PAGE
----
de Decker asks me why I love mail art. My answer: because it feeds my wife, children and grandchildren well after tax and postage, because it is an easy pastime between the hardships of my life, because it fills me with spiritual growth in sleepless nights, because it fills my archive with handmade valuable original art works from everwwhere, because they are all exactly about my project themes and arrive long before the deadline, because the mail art family of polyglottal cosmopolitans welcome me at their doorsteps any time, because they are all enduring and tolerant vegetarian non-smoking peace workers, because mail art floods my P.O.box with documentary catalogs that include my works in color and in full size, because it secures me fame in art history and opens the biggest mueseum doors for me, because it has deeply befriended me with all postal workers in my city, because it is easy to explain to newcomers and to journalists and to my mother, because I prefer licking stamps to any other indoor activity and any other outdoor activity, because I love bad photocopies and bad English from all over the world, and because I truly appreciate new creative spellings of my name and address twice weekly. You see: the network made me a satirist.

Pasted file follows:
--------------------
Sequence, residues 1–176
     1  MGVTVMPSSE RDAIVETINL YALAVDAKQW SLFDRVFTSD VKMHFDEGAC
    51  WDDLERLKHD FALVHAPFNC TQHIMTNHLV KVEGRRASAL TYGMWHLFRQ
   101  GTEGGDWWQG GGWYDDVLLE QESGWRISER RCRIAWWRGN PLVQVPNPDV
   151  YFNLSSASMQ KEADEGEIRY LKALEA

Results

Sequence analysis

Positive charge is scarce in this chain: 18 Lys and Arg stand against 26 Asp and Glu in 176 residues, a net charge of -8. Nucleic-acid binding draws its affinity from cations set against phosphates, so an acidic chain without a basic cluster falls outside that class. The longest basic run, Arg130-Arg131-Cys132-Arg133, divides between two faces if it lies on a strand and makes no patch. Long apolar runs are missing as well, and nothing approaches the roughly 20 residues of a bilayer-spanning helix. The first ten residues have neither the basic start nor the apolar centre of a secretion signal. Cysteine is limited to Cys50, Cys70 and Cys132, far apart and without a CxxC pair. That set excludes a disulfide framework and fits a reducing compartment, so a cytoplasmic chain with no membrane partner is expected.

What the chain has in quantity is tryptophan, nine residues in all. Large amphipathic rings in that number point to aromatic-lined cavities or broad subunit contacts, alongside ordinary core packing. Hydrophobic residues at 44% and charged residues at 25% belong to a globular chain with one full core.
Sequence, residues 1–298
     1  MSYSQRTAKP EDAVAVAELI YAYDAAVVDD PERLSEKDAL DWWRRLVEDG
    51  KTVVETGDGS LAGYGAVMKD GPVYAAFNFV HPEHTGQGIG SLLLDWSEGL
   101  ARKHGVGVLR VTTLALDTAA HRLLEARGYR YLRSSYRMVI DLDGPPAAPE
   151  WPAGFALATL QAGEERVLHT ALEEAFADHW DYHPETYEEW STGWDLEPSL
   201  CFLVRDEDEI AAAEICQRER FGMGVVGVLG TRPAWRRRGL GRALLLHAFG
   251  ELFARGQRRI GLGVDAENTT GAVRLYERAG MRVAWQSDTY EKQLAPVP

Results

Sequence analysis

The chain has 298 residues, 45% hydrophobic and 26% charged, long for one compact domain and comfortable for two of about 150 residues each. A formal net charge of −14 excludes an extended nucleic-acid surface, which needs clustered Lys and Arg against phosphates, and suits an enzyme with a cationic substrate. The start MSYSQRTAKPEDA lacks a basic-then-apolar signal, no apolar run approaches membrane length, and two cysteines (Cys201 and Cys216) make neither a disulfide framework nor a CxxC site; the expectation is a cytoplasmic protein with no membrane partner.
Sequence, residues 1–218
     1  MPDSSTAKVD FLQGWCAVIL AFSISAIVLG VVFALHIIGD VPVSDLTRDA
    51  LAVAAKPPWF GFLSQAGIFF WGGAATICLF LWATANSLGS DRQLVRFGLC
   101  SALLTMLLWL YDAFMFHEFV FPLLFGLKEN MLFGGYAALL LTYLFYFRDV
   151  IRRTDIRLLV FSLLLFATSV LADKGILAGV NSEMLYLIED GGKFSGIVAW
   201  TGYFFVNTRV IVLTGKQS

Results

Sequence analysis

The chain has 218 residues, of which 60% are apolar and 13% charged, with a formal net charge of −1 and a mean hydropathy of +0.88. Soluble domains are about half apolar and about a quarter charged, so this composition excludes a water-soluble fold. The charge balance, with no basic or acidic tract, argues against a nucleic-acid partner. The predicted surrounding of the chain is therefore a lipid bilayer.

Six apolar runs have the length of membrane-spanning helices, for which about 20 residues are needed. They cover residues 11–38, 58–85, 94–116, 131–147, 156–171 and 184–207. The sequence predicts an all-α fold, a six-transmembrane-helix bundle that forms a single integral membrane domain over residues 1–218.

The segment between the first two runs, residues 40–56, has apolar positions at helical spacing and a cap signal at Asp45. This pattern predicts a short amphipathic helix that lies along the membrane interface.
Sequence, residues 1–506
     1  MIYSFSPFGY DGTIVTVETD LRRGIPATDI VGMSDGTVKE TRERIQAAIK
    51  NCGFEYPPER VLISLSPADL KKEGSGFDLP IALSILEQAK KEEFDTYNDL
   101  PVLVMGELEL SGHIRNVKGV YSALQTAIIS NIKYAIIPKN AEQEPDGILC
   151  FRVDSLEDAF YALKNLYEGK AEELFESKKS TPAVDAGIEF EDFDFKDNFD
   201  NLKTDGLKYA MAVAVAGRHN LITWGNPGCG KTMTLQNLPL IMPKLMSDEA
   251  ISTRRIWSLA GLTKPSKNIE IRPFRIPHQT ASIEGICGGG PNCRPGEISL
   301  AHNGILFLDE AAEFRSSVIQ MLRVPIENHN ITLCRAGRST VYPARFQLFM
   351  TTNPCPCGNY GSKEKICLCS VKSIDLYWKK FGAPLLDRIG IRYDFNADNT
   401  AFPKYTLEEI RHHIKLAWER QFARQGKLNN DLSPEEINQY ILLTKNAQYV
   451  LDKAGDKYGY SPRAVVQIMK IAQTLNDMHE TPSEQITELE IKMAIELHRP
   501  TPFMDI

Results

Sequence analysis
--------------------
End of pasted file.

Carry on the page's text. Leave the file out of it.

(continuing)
As abundant and attractive as all these abilities seem that you may acquire through networking, take my advice after 20 years: do not overdo it, rather develop your own biography in the network at your own pace. I have all these options today to choose from, but not to practice them all at the same time. Guy
Bleus described the vicious circle. The more mail art you do, the more you get, especially new invitations, and there is always more projects than one individual can join. In the nineties already, I found in Ashley